Individual consumers aren’t the only parties who get assigned a credit score. Businesses also have credit scores, and they are used by creditors and other third parties to evaluate the financial health of a company.
When businesses wish to take out a loan, the lender can pull their business credit score to decide whether to extend them credit and determine the terms of that credit. A company may even pull another company’s business credit score before they decide to do business with them as a client or vendor.
A strong business score can help companies qualify for credit.
How Business Credit Scores Work
Business credit scores are usually ranked from 0 to 100, while the FICO® Small Business Scoring Service ranges from 0 to 300. These scores are determined using information from the business credit report, which contains information including the business size, historical data, payment history, account information, current debts and more.
Business credit score algorithms vary between scoring model and credit bureaus. Unlike personal credit reports, business credit reports are publicly available to any party who is willing to pay for them.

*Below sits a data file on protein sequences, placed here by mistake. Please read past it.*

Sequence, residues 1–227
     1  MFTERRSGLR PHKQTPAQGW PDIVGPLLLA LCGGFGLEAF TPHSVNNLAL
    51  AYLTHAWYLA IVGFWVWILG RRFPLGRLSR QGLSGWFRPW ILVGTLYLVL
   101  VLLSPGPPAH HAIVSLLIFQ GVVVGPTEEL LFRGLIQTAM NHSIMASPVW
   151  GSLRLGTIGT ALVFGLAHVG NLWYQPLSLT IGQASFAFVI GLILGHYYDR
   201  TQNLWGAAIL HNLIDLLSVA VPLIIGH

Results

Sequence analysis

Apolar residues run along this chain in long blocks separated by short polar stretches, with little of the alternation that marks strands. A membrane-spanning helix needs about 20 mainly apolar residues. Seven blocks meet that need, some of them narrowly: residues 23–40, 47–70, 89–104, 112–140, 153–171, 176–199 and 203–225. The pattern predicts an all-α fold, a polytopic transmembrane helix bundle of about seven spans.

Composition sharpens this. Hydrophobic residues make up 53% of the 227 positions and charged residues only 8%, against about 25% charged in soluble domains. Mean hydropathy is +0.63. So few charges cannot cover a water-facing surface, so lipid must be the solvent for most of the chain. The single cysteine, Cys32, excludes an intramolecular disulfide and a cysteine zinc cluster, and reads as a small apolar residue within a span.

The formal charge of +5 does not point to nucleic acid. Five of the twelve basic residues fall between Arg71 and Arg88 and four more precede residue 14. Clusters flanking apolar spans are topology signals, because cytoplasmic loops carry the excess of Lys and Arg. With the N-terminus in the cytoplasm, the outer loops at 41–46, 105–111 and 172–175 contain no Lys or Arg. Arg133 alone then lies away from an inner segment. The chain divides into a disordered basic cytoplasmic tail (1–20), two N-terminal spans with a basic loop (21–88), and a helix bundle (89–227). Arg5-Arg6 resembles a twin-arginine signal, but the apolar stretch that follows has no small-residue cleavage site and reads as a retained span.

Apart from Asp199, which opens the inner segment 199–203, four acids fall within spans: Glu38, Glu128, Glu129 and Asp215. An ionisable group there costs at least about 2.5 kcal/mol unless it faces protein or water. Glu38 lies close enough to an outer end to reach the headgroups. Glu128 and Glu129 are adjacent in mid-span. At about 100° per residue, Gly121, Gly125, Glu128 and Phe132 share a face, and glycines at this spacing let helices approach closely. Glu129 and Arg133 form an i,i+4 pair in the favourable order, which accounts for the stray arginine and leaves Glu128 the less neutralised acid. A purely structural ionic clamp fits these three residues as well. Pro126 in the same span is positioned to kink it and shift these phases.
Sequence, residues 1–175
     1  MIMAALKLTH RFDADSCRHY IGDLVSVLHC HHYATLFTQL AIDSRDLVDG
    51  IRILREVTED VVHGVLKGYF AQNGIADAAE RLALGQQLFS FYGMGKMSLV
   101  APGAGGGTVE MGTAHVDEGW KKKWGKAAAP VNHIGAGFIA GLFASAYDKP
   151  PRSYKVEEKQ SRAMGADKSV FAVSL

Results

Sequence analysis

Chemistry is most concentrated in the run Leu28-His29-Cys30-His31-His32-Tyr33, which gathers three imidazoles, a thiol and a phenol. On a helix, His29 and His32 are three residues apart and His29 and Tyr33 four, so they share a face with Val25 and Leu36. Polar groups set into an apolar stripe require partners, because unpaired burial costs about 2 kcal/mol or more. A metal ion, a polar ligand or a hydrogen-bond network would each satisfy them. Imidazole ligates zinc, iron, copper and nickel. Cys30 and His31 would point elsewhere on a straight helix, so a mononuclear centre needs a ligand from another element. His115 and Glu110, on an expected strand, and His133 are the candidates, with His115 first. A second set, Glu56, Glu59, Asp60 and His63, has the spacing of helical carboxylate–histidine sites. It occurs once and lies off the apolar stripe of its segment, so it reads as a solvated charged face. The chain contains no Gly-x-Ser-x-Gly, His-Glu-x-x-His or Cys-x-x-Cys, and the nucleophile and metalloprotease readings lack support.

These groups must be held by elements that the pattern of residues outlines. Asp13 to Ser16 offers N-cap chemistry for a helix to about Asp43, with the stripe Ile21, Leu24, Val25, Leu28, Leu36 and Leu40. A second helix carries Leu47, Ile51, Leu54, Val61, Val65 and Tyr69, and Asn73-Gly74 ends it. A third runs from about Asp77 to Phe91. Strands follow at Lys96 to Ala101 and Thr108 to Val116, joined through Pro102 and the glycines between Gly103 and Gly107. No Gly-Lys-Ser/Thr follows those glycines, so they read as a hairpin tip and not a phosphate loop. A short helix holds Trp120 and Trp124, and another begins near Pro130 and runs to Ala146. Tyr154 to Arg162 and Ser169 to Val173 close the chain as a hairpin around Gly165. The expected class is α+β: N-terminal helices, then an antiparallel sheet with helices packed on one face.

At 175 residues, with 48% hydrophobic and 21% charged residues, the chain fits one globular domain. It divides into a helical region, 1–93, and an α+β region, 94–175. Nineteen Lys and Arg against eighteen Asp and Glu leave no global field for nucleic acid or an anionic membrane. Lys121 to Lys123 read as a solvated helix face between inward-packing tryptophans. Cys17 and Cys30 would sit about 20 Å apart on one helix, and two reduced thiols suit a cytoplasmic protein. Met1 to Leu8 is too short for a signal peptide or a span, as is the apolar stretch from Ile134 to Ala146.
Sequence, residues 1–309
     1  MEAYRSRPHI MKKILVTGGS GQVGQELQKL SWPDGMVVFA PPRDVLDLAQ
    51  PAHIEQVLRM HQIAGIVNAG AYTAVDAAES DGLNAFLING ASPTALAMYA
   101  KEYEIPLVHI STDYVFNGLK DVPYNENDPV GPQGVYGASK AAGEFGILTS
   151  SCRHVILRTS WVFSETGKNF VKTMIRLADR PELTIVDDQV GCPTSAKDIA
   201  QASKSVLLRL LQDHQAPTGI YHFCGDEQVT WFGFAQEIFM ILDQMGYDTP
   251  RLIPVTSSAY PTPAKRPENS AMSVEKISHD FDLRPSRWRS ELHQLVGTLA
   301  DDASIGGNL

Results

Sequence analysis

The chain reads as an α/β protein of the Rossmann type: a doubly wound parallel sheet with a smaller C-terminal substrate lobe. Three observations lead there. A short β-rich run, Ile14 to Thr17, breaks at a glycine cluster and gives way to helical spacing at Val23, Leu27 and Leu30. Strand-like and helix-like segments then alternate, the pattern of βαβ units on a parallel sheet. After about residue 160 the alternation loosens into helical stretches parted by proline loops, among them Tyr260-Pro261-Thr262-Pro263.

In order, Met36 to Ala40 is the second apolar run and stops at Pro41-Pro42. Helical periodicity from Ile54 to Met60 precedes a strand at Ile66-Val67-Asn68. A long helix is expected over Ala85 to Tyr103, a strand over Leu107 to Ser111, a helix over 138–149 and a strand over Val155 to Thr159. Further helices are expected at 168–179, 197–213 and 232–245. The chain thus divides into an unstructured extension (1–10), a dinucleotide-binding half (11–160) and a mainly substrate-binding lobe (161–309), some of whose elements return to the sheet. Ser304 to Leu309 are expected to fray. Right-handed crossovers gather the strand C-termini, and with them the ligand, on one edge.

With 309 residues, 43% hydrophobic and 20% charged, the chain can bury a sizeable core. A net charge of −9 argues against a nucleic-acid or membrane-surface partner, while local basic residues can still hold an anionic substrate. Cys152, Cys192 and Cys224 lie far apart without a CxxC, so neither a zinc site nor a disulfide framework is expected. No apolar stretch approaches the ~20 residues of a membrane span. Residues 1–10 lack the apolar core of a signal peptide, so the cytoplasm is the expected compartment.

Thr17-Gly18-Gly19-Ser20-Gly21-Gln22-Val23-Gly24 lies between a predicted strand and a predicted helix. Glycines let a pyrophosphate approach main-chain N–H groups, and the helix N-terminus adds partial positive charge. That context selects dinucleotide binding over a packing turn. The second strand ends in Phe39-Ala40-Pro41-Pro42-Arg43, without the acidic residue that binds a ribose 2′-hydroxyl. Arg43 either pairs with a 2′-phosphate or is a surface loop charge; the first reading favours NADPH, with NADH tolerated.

Why Business Credit Is Important
Business credit is important for several reasons:
- Separation of business and personal finances. If you own a small business, you might have used your personal funds and credit cards to get started and fund everyday expenses. But keeping your personal finances separate from your business simplifies things for accounting, borrowing and tax purposes.
- Getting approved for financing. If you need a business credit card or business loan, having an established business credit score can help you access credit with better terms. And the better your business credit score, the more borrowing power you will have.
- Lower insurance rates. Insuring your business can be expensive. In some cases, higher business credit scores can help you keep rates low.
How to Establish Strong Business Credit
If your business has never borrowed money or established a company credit card, there may not be much of a credit history. Establishing a strong business credit score involves many of the same steps you might take to positively impact your personal credit:
- Pay your bills on time. Just like with personal credit scores, payment history is the most important factor that goes into your business credit score. Pay all your bills on time.
- Establish business credit. Not all creditors and service providers report activity to the credit bureaus. A business credit card is a good place to start building business credit, even if you only need it sporadically.
- Pay attention to your credit utilization. Don’t max out your business’s revolving credit, such as company credit cards. Keep your utilization on the lower side.